- Right after the attaching step, rapidly cool down the sample to 4 °C to prevent unwanted denaturation.
6. Reconfiguration of the Accordion Rack from a ‘Locked State’ to a ‘Free State’
- Synthesize the structure with DNA locks of the desired length for the configuration experiment.
- Prepare reverse complementary strands from Section 3.
- Add 2 μL of strands that are reverse complementary to the lock strands of the desired length into 20 μL of the synthesized structure. The DNA lock strands’ concentration is five times higher than the structure.
- Incubate the sample for 0, 12, 60, 120, 240 minutes to see how fast reconfiguration occurs.
- For the 12, 60, 120, 240 minute incubation, rapidly heat the sample to 40 °C and slowly cool down to 20 °C for the time corresponding to each. Right after the detaching step, rapidly cool down the sample to 4 °C to prevent unwanted denaturation.
- For the 0-minute incubation, store sample at 4 °C right after reverse complementary strands are added.
7. TEM Imaging
Note: TEM imaging protocol was adapted from previous literature18,20.
- Prepare 1.25 M NaOH solution by mixing 87.5 μL of nuclease-free water and 12.5 μL of 10 M NaOH solution.
- Add 1 μL of 1.25 M NaOH solution to 50 μL of the 2% uranyl formate solution.
- Vortex the solution for 3 minutes and centrifuge at max speed for 3 minutes. Deposit 3 μL of the purified sample on the glow-discharged TEM grid for 3 minutes and rapidly wash out with filter paper.
- Deposit 7 μL of prepared uranyl formate solution for 30 seconds and rapidly wash out with filter paper.
- Measure the length and angle of the accordion structure imaged by TEM.
8. FRET Analysis
- Use Atto 550 and Atto 647N dye, for which the Förster distance is 6.5 nm. Replace Staple 58 and Staple 117 in Table 1 with fluorescently labelled strands. Then synthesize the structure with fluorescently labelled strands by the method described in Section 3.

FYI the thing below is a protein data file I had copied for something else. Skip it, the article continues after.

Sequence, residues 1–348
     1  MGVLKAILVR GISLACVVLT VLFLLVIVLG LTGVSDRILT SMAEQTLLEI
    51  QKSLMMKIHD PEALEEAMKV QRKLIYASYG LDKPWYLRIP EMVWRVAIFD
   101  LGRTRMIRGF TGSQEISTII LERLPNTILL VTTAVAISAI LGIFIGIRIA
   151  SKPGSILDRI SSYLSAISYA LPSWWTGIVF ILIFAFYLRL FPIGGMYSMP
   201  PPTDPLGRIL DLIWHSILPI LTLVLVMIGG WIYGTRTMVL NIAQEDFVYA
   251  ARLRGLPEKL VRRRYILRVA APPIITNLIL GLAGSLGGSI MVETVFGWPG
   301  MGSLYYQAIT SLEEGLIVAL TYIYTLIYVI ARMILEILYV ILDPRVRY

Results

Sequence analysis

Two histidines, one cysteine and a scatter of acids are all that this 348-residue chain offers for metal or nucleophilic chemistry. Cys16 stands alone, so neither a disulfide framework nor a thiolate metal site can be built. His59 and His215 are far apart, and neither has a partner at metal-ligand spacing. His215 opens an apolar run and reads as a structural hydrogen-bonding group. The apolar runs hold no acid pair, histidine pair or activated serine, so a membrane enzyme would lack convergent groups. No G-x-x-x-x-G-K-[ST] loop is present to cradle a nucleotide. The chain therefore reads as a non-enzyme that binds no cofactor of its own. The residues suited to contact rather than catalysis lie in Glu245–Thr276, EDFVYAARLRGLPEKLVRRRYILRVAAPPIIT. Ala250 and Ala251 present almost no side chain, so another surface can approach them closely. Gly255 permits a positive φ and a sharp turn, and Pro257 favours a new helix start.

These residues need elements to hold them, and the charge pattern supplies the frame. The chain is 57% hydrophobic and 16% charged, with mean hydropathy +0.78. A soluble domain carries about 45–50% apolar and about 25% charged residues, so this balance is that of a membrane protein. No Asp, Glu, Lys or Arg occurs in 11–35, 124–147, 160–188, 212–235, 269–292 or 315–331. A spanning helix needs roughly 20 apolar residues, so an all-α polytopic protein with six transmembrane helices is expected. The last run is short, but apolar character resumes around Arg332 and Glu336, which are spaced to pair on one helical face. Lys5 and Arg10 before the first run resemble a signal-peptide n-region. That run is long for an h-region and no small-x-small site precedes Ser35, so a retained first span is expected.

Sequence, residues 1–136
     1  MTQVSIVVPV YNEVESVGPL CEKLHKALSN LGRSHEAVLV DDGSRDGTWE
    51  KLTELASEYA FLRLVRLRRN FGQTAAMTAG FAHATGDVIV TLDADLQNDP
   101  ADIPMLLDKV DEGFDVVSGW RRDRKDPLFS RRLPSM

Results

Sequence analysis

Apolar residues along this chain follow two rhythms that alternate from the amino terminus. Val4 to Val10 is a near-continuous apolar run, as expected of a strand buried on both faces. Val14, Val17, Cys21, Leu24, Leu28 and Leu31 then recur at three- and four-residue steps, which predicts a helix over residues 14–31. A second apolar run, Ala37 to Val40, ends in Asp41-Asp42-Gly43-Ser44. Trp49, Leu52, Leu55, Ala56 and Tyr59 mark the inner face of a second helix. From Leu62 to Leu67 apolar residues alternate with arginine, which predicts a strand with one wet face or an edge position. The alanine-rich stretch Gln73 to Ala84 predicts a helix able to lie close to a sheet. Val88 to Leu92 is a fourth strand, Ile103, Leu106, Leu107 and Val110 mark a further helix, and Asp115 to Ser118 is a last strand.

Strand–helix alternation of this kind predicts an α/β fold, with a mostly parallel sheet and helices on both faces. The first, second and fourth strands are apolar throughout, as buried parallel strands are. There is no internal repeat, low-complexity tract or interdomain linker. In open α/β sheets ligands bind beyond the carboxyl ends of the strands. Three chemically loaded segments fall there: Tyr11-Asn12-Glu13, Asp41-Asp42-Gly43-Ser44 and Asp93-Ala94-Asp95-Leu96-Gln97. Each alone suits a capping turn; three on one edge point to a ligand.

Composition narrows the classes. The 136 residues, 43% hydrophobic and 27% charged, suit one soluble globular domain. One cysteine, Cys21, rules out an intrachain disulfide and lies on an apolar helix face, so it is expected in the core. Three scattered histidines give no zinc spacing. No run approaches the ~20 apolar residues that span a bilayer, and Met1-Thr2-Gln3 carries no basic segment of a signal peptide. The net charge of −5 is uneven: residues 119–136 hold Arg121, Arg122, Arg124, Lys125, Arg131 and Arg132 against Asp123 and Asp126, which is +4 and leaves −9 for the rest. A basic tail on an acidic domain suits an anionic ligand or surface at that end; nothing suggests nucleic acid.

- Measure the concentration of the purified sample.
- Normalize the sample to 10 nM and load 50 μL to the 384 microplates well.
- Excite the sample with donor and acceptor dyes at 550 nm and measure the fluorescence spectrum from 570 nm to 800 nm with a fluorometer.
- Measure the fluorescence spectrum of the donor-only sample in the same way.
- Excite the dyes of the sample at 650 nm and the fluorescence spectrum and measure from 670 nm to 800 nm. This is to measure the concentration of the acceptor.
- Obtain the standard deviations by repeating the same experiment with three samples, which are synthesized and purified separately.
- Calculate the FRET efficiency with the ratio A method as described by the equation below21.
DA550: Acceptor peak fluorescence intensity of the sample with donor and acceptor at 550 nm excitation.
D550: Fluorescence intensity at the acceptor emission range of the donor-only sample at 550 nm excitation.
DA650: Acceptor peak fluorescence intensity of the sample with donor and acceptor at 650 nm excitation.
The designed 6 by 6 DNA accordion rack is simulated from the oxDNA16,17 and the results are shown in Figure 6. From the simulation result, it was confirmed that the intended structure is formed without distortion of the structure.
The TEM images in Figure 7 are images of configured structures with a lock length of 2, 8, 13 and 20 bp. On the image, the angle of the structures (Figure 8A) is decreased as the length of the lock becomes longer. To statistically analyze the tendency, the average and the standard deviation of the angle (Figure 8A) of multiple configured structures were obtained (Figure 8B). Also, the FRET measurement results show structural change and its speed, in addition to the structural tendency shown in the TEM image (Figure 8C).
From these analysis procedures, characterization of the DNA accordion rack such as how many locks are needed for structural configuration and reconfiguration speed was determined.